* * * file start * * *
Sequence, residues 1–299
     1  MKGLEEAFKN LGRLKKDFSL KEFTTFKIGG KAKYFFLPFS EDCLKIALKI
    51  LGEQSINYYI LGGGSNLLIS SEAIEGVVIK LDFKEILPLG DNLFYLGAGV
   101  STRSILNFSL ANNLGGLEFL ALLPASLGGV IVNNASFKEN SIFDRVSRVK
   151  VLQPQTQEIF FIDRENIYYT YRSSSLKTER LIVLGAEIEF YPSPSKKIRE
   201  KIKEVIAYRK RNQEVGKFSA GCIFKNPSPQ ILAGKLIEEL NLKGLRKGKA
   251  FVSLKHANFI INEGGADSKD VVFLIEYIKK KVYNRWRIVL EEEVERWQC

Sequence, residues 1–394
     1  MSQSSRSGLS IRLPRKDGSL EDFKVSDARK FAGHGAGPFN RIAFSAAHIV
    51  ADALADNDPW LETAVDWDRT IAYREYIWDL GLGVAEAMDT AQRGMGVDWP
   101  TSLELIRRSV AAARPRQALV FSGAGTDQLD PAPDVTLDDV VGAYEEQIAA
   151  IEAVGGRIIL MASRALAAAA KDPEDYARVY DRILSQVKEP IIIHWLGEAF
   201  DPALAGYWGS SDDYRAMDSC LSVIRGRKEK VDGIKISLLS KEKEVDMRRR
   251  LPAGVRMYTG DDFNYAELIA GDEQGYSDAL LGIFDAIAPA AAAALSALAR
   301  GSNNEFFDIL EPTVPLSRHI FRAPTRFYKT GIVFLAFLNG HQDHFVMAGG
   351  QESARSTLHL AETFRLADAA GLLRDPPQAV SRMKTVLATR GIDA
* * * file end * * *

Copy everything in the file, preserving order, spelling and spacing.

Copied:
Sequence, residues 1–299
     1  MKGLEEAFKN LGRLKKDFSL KEFTTFKIGG KAKYFFLPFS EDCLKIALKI
    51  LGEQSINYYI LGGGSNLLIS SEAIEGVVIK LDFKEILPLG DNLFYLGAGV
   101  STRSILNFSL ANNLGGLEFL ALLPASLGGV IVNNASFKEN SIFDRVSRVK
   151  VLQPQTQEIF FIDRENIYYT YRSSSLKTER LIVLGAEIEF YPSPSKKIRE
   201  KIKEVIAYRK RNQEVGKFSA GCIFKNPSPQ ILAGKLIEEL NLKGLRKGKA
   251  FVSLKHANFI INEGGADSKD VVFLIEYIKK KVYNRWRIVL EEEVERWQC

Sequence, residues 1–394
     1  MSQSSRSGLS IRLPRKDGSL EDFKVSDARK FAGHGAGPFN RIAFSAAHIV
    51  ADALADNDPW LETAVDWDRT IAYREYIWDL GLGVAEAMDT AQRGMGVDWP
   101  TSLELIRRSV AAARPRQALV FSGAGTDQLD PAPDVTLDDV VGAYEEQIAA
   151  IEAVGGRIIL MASRALAAAA KDPEDYARVY DRILSQVKEP IIIHWLGEAF
   201  DPALAGYWGS SDDYRAMDSC LSVIRGRKEK VDGIKISLLS KEKEVDMRRR
   251  LPAGVRMYTG DDFNYAELIA GDEQGYSDAL LGIFDAIAPA AAAALSALAR
   301  GSNNEFFDIL EPTVPLSRHI FRAPTRFYKT GIVFLAFLNG HQDHFVMAGG
   351  QESARSTLHL AETFRLADAA GLLRDPPQAV SRMKTVLATR GIDA